Haray07

2+ Year Member
Aug 15, 2016
5
0
Status
Pre-Medical
Hi, a quick introduction of myself. I'm currently in my 3rd year of Neuropsychology phd program. I'm debating whether I should quit and start to prepare for med school application (i.e. take classes, MCAT, volunteering), or should I stick out and then apply? My ultimate goal is to become a neuropathologist. I have another 3 years (at least) left in my program to get the Phd. If I do plan to persist through, what preparations should I have in the meantime? It's very unlikely to take classes as my schedule is pretty much full. I'm focusing on getting some publications out. I can try to shadow some doctors at the hospital where I'm doing my practicum, but other than that, any advice in terms of preparation? Thank you!
 

Goro

7+ Year Member
Jun 10, 2010
53,719
79,108
Somewhere west of St. Louis
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Non-Student
Not only do you have to shadow, you need to volunteer with patients, AND engage in service, so show off your altruism.

Keep in mind that your graduate GPAs won't count for MD schools (but will for DO).

You will need to explain in your apps why you're running TO Medicine, and not merely running away from research. Finishing your degree will prove you with career backup, and show that it's less likely that'll bail on Medicine like you bailed on your PhD.



Hi, a quick introduction of myself. I'm currently in my 3rd year of Neuropsychology phd program. I'm debating whether I should quit and start to prepare for med school application (i.e. take classes, MCAT, volunteering), or should I stick out and then apply? My ultimate goal is to become a neuropathologist. I have another 3 years (at least) left in my program to get the Phd. If I do plan to persist through, what preparations should I have in the meantime? It's very unlikely to take classes as my schedule is pretty much full. I'm focusing on getting some publications out. I can try to shadow some doctors at the hospital where I'm doing my practicum, but other than that, any advice in terms of preparation? Thank you!
 
Aug 26, 2016
153
105
57
Status
Attending Physician
Not only do you have to shadow, you need to volunteer with patients, AND engage in service, so show off your altruism.
QUOTE]

Just curious about the emphasis on shadowing so much here. Is someone who hasn't done this at greater risk of bailing than another? It seems like a lot of this is done to check a box but does it really predict success?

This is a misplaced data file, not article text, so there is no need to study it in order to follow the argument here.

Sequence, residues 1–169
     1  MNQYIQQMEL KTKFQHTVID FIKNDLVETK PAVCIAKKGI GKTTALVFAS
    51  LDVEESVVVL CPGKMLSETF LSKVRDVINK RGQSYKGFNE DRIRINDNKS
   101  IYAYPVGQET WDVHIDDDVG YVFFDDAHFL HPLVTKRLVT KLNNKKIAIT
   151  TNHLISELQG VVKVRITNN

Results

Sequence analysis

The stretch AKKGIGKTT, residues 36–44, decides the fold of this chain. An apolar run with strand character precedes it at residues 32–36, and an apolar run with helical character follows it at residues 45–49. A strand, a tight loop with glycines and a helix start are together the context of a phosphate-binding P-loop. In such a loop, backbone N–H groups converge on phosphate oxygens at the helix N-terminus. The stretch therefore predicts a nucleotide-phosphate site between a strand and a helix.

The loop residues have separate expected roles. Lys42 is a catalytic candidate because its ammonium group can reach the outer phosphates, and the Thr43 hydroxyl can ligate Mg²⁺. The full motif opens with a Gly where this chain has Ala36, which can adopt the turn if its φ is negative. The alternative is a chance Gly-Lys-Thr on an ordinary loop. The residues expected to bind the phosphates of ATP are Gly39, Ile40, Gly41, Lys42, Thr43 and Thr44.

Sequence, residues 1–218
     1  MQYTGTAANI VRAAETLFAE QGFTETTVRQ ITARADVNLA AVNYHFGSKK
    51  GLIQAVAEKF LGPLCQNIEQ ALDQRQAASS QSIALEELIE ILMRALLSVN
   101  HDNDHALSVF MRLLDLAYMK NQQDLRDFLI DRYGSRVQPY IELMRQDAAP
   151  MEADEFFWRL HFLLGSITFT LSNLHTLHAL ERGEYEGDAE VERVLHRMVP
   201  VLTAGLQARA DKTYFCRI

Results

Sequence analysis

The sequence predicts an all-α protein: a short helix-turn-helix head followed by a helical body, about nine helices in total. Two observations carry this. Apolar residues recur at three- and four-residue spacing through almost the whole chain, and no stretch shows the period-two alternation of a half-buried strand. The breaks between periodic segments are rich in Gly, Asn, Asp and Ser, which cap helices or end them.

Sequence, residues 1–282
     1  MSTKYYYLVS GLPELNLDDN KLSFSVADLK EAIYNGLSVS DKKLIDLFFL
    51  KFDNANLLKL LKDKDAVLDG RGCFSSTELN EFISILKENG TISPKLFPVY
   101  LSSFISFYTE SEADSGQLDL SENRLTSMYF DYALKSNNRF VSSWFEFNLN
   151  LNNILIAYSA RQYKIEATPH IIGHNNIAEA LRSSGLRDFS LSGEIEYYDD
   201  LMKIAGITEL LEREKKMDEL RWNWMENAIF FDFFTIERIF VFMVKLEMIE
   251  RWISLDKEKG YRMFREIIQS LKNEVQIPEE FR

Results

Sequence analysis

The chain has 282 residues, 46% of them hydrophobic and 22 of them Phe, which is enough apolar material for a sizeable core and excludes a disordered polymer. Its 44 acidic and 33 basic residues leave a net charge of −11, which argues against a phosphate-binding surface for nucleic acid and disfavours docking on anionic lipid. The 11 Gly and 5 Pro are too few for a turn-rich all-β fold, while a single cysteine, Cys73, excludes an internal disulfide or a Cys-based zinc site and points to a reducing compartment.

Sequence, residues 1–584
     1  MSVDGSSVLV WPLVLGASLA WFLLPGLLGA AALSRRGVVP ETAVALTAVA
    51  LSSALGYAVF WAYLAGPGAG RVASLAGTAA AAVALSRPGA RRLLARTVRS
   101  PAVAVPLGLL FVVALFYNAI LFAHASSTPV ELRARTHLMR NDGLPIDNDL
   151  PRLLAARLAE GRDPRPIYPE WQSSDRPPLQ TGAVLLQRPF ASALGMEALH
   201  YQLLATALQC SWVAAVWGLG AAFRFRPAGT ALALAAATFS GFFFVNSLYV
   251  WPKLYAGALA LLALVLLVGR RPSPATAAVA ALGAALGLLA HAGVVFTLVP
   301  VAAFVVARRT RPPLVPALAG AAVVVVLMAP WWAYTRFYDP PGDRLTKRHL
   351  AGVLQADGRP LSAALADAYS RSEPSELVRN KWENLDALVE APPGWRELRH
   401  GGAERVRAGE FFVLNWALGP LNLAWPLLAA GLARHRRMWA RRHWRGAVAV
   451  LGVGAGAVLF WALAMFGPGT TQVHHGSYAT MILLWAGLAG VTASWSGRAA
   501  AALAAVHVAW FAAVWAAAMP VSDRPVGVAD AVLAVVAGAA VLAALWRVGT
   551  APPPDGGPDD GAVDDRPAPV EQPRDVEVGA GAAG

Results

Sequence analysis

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Goro

7+ Year Member
Jun 10, 2010
53,719
79,108
Somewhere west of St. Louis
Status
Non-Student
We ask you to shadow so you can see what a doctor's life is like and be able to compare/contrast different approaches to Medicine.

People who haven't shadowed get rejected. It has nothing to so with success, but making sure you know what you're getting into. Too many people have a starry-eyed view of what a career in Medicine in like.


 
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Siromas

Non-Traditional livin'
2+ Year Member
Aug 17, 2016
507
632
Status
Pre-Medical
You will need to explain in your apps why you're running TO Medicine, and not merely running away from research. Finishing your degree will prove you with career backup, and show that it's less likely that'll bail on Medicine like you bailed on your PhD.
Agreed.

Finish out your PhD and start exposing yourself to the medical field through volunteering (ideally clinical, but non-clinical is important too) and shadowing. Your journey should make for a pretty interesting story in your personal statement.
 
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Aug 26, 2016
153
105
57
Status
Attending Physician
I can see that. I've been thinking I shouldn't have been accepted 30 years ago as I didn't shadow didn't do research and only extracurricular if you will was working in a grocery store. I've had a couple college students shadow but their interest level was often lacking which felt like they were only doing it because it was expected. I did shadow in first year of medical school which helped regain perspective. But I don't recall that being emphasized back then.


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Last edited:
Apr 25, 2014
1,679
1,025
Florida
Status
Medical Student
Ditto what Goro recommended.

I found adcoms to ask a lot about why the switch and you need a good reason why and why now and how do you know. You seriously need to make sure you've taken the premed courses, did well on MCAT, etc and that will take 1-2 yrs depending on what you have already. You also need a DO LOR. So finish your neuropsych and along the way start making yourself competitive for med school. I'd from experience recommend also taking anatomy, biochemistry, genetics, and histology as you will be expected to come in and hit the ground running in those courses.

Good luck

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